As illustrated in FIG. 17, by the beginning of each clutch cycle, the high pressure air nozzle 264 has already been on for a short instant during departure of the previous bagged newspaper from the inserting station. The high pressure air causes the mouth 18 of the next bag to partially open. The gate-like fingers 266,268 are "closed" at this time, as they extend across the path of travel of the newspapers.

Then, as illustrated in FIG. 18, by the time the clutched shaft 120 has completed of its revolution, the high pressure air nozzle 264 has shut off and the continuous, low pressure air nozzle 256 has inflated the bag to "pop" it up above the ejector conveyor 38 into direct horizontal alignment with the oncoming newspaper. Activation and deactivation of the high pressure nozzle 264 is controlled by a roller microswitch (not shown) on the shaft 348 which controls opening and closing of the rear nip rollers 330, 314.

Additionally, by the FIG. 18 position of the newspaper, the fingers 266,268 have flipped to parallel positions and are projecting into the bag to hold the mouth wide open. The newspaper has moved into position between the nip rollers 72,74, with the leading edge of the newspaper just upstream of the mouth of the bag. Furthermore, the upper nip rollers 72 have closed down against the newspaper so that the newspaper suddenly comes under the control of the nip rollers 72 and 74. Because the nip rollers 72, 74 are rotating at a high rate of speed compared to the conveyor belt 34, the nip rollers suddenly accelerate the newspaper and "fire" it rightwardly toward the open bag.

As illustrated in FIG. 19, by the time the clutched shaft 120 has completed 1/2 of its revolution, the newspaper is in the process of being propelled into the bag by the accelerating nip rollers 72,74, and the ejector nip rollers 330 and 314 are beginning to close upon the leading end of the bag.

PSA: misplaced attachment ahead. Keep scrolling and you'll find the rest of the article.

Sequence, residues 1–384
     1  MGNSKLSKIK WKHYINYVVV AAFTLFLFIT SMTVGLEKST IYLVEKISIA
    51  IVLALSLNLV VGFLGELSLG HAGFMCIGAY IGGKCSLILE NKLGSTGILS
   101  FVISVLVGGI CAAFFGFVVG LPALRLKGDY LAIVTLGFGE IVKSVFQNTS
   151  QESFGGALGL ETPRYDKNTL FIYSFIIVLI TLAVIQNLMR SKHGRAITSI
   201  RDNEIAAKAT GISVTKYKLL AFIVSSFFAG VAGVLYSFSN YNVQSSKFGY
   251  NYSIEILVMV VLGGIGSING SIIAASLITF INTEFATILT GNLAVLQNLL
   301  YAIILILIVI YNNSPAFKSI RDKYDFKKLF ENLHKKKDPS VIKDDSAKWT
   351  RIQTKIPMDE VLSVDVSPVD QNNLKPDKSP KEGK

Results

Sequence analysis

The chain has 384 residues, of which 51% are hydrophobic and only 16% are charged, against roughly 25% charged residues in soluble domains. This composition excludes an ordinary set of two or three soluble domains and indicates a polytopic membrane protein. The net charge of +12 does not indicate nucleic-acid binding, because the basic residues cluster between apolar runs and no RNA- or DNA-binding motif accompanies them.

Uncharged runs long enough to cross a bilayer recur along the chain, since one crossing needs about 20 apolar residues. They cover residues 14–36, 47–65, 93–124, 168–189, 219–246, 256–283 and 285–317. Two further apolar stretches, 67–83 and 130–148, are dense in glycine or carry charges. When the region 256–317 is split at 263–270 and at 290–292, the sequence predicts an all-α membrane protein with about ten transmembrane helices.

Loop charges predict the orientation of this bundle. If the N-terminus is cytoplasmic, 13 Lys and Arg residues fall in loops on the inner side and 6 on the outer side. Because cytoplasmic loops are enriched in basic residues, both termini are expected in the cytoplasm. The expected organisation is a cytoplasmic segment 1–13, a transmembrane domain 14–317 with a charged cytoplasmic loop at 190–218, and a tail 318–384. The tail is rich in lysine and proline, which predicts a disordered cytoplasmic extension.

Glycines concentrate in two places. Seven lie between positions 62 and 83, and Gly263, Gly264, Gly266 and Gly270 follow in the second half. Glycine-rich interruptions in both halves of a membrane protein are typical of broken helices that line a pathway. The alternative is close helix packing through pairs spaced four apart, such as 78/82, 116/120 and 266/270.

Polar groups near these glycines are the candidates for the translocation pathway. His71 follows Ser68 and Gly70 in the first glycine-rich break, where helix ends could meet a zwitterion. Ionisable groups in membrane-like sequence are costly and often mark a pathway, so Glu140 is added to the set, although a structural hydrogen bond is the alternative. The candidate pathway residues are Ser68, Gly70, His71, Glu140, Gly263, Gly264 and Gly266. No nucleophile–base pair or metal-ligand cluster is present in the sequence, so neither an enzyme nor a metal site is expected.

As illustrated in FIG. 20, by the time the clutched shaft 120 has completed 3/4 of its revolution, the newspaper has become fully inserted into the bag and the ejector nip rollers 330,314 have clamped down on the bagged newspaper. Also by this time, the ejector nip rollers 330 and 314 will have taken control of the bagged newspaper and will have pulled it off the wicket 234 of the holder 200. Thus, the bagged newspaper is free to be pulled completely out of the inserting station 36 and moved on down the line to the right. The accelerating nip rollers 72, 74 start to reopen.

By the time a full revolution of the clutched shaft 120 is completed, the ejecting nip rollers 330,314 have opened back up and the bagged newspaper has been moved further downstream by the discharge conveyor 38. The fingers 266,268 have reclosed and the next newspaper is approaching the inserting station 36 as illustrated in FIG. 17.

This sequence of events continues until such time as the sensor 408 detects the fact that there are no more bags on the shelf 190 at the inserting station 36. An appropriate control signal causes the air cylinder 396 of the diverter 390 to be activated, instantly swinging the deflector arm 392 into its oblique position of FIG. 16. Therefore, instead of reaching the inserting station 36, the stream of newspapers is diverted to one side as illustrated in FIG. 16. There is no stopping or slowing down of the supply of newspapers from the folder/tier.

In order to restart the flow of newspapers to the inserting station, the operator need only shift the shuttle 154 from its FIG. 24 position to its FIG. 23 position, which brings a fresh supply of bags to the inserting station. These are the bags held by the holder 202 in FIG. 23 and draped onto the shelf 192. Once the new supply of bags is present at the inserting station 36, such presence is detected by the sensor 408, which again generates a signal that causes the diverter 390 to return to its standby position along side the conveyor 34.

It should be noted that unless the shuttle 154 has been shifted to its full operating position of FIG. 23, the mere presence of bags at the inserting station 36 as detected by the sensor 408 will not cause the diverter 390 to return to its standby position. This is due to the presence of the limit switch 410 (FIG. 6) which must be depressed by an appropriate one of the actuators 412 or 414 in order to allow the newspapers to come down the line to the inserting station 36. The actuators 412 and 414 are so located as to depress the limit switch 410 only when the shuttle 154 is positioned with one or the other of its bag holding zones 156 and 158 fully aligned with the deed conveyor 34.